MLA Citation: Bloomfield, Louis A. "Question 289"
How Everything Works 20 Jan 2018. 20 Jan 2018 <http://howeverythingworks.org/print1.php?QNum=289>.
289. How is the charge moving in the waves related to what is actually played on the radio?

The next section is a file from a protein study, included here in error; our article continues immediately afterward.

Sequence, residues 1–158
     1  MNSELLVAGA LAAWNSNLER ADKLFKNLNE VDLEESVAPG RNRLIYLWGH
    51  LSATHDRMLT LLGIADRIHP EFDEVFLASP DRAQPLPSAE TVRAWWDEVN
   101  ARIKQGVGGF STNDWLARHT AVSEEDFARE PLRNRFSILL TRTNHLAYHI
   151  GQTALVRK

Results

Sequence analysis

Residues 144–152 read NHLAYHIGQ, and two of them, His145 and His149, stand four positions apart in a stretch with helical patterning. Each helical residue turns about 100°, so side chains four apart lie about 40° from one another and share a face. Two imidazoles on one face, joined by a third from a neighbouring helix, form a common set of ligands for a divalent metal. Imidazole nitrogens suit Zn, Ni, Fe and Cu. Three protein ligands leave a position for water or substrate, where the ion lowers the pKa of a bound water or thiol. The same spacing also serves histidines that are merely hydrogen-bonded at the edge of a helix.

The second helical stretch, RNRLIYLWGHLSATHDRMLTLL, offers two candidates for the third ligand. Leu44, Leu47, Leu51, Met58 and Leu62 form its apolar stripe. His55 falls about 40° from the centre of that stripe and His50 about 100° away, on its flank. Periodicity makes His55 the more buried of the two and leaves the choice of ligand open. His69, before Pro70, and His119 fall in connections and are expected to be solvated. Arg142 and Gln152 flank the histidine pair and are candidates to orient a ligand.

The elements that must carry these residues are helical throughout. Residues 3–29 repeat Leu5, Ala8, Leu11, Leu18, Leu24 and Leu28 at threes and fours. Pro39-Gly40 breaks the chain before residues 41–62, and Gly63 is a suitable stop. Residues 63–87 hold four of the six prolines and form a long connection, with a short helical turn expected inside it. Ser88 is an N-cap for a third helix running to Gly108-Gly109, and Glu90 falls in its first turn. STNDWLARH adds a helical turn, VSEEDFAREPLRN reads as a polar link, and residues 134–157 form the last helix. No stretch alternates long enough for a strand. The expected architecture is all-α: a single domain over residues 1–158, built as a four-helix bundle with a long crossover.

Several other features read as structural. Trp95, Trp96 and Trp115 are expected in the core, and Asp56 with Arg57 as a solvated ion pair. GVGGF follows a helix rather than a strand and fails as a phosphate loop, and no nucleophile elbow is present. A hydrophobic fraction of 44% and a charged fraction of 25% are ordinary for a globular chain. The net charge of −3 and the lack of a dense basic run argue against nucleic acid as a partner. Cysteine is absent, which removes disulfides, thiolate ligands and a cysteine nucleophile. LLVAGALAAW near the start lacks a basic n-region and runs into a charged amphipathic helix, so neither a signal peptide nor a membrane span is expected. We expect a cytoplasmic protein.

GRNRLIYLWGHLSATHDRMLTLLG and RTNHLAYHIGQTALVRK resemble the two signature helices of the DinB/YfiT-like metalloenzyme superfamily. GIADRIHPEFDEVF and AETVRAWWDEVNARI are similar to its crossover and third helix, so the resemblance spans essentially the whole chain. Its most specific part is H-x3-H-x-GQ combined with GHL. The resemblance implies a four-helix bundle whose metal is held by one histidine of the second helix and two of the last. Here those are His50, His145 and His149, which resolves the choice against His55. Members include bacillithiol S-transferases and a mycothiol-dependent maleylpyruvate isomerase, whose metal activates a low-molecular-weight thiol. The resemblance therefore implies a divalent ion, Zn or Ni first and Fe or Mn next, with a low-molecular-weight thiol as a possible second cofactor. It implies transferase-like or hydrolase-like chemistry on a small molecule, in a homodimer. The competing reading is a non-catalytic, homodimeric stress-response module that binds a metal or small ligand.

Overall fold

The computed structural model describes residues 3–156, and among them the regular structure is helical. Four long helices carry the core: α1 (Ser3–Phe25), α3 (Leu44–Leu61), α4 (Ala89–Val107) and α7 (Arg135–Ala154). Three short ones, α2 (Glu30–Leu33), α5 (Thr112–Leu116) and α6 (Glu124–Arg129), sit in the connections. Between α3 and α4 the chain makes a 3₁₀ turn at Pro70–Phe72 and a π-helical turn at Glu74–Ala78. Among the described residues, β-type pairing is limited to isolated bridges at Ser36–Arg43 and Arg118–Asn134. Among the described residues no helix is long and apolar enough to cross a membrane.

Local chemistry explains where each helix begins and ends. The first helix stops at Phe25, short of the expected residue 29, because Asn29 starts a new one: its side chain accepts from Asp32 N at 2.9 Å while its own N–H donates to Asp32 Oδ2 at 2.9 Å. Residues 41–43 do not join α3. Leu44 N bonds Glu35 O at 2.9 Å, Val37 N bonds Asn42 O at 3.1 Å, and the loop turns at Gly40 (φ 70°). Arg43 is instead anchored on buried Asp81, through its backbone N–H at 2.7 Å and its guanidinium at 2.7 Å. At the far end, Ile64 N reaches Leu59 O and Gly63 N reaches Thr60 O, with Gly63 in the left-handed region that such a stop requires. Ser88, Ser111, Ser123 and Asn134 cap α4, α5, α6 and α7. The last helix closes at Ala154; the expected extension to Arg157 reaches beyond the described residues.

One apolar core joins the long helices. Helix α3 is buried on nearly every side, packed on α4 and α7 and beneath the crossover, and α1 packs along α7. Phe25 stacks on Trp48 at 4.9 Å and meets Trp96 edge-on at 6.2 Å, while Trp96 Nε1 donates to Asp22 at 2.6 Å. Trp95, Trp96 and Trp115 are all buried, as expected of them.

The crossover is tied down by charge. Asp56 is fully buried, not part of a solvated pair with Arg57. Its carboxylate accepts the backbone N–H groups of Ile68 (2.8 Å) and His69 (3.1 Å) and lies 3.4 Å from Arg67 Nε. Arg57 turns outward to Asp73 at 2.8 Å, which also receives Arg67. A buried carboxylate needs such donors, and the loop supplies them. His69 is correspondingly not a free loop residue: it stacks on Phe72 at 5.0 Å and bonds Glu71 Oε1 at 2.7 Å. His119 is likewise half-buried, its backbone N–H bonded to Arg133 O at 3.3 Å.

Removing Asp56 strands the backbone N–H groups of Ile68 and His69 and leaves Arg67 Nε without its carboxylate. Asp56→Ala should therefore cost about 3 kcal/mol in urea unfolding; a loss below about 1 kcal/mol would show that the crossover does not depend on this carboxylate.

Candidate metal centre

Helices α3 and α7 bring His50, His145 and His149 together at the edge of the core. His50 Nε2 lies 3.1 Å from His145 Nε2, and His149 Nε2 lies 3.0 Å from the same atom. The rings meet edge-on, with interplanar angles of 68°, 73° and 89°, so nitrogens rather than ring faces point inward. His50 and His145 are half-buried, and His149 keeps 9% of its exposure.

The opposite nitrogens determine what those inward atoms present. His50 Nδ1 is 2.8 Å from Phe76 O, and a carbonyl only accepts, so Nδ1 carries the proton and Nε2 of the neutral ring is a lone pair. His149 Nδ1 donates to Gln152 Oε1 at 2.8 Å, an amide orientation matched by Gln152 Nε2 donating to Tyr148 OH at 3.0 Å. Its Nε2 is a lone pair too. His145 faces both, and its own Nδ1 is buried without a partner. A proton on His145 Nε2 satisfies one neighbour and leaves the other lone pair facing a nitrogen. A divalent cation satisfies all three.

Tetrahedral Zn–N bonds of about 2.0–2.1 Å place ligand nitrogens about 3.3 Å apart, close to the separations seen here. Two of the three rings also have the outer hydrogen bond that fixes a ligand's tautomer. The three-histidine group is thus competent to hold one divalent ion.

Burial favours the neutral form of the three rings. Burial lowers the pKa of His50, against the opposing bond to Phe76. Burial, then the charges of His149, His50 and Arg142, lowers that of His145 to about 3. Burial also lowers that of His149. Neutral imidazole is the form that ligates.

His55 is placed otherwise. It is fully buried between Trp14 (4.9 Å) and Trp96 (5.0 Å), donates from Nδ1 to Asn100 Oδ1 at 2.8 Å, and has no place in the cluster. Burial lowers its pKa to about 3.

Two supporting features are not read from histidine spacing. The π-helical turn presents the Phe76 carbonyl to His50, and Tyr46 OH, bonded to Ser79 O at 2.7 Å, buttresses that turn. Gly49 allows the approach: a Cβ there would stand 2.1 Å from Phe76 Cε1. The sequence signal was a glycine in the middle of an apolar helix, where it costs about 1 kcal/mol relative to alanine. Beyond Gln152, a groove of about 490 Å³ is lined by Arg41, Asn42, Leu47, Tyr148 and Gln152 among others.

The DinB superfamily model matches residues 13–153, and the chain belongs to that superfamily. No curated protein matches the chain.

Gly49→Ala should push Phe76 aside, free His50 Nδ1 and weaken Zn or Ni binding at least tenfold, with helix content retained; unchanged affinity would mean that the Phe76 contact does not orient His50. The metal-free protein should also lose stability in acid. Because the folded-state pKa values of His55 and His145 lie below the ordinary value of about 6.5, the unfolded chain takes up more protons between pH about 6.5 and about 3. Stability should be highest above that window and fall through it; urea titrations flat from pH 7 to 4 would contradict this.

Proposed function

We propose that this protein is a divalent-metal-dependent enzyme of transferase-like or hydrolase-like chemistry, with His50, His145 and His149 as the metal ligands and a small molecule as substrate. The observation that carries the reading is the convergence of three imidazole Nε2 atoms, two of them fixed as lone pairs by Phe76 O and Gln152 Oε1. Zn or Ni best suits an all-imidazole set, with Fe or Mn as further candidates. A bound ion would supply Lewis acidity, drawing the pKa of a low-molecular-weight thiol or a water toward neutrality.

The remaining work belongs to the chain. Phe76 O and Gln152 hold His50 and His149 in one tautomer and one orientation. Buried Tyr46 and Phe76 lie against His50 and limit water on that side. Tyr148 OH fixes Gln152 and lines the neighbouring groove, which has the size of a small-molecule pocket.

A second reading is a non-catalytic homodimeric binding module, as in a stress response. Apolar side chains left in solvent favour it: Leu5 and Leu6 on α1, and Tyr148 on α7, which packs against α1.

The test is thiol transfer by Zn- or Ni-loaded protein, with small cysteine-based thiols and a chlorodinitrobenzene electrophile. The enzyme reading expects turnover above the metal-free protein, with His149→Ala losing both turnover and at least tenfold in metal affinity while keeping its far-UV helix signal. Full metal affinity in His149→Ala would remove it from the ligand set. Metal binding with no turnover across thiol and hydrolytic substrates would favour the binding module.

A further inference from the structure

First, there isn't any charge moving in the waves themselves. The waves contain only electric and magnetic fields. These fields will push on any electric charges or magnetic poles they encounter, but they are not themselves electrically charges or magnetically poled. The amount of fields in a radio used for audio transmission depend on the station's transmitting power and on the encoding format for the music. In AM (Amplitude Modulation) encoding, the music is encoded as the strength of the radio waves. Each time the radio wave's strength goes up and down once, the speaker cone in your receiver goes forward and backward once. In FM (Frequency Modulation) encoding, the radio wave's strength remains steady but its precise frequency changes slightly. Each time the radio wave's frequency goes up and down once, the speaker cone in your receiver goes forward and backward once.

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